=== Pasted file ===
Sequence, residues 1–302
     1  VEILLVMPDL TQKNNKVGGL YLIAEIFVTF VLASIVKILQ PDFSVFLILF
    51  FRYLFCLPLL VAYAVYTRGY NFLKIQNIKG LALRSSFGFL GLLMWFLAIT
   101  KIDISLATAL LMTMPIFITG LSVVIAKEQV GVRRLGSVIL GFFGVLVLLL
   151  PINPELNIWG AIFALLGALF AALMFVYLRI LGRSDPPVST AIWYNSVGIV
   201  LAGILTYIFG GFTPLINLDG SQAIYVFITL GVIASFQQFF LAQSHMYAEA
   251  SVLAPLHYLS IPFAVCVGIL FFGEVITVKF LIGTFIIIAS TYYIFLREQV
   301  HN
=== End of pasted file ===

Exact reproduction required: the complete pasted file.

Sequence, residues 1–302
     1  VEILLVMPDL TQKNNKVGGL YLIAEIFVTF VLASIVKILQ PDFSVFLILF
    51  FRYLFCLPLL VAYAVYTRGY NFLKIQNIKG LALRSSFGFL GLLMWFLAIT
   101  KIDISLATAL LMTMPIFITG LSVVIAKEQV GVRRLGSVIL GFFGVLVLLL
   151  PINPELNIWG AIFALLGALF AALMFVYLRI LGRSDPPVST AIWYNSVGIV
   201  LAGILTYIFG GFTPLINLDG SQAIYVFITL GVIASFQQFF LAQSHMYAEA
   251  SVLAPLHYLS IPFAVCVGIL FFGEVITVKF LIGTFIIIAS TYYIFLREQV
   301  HN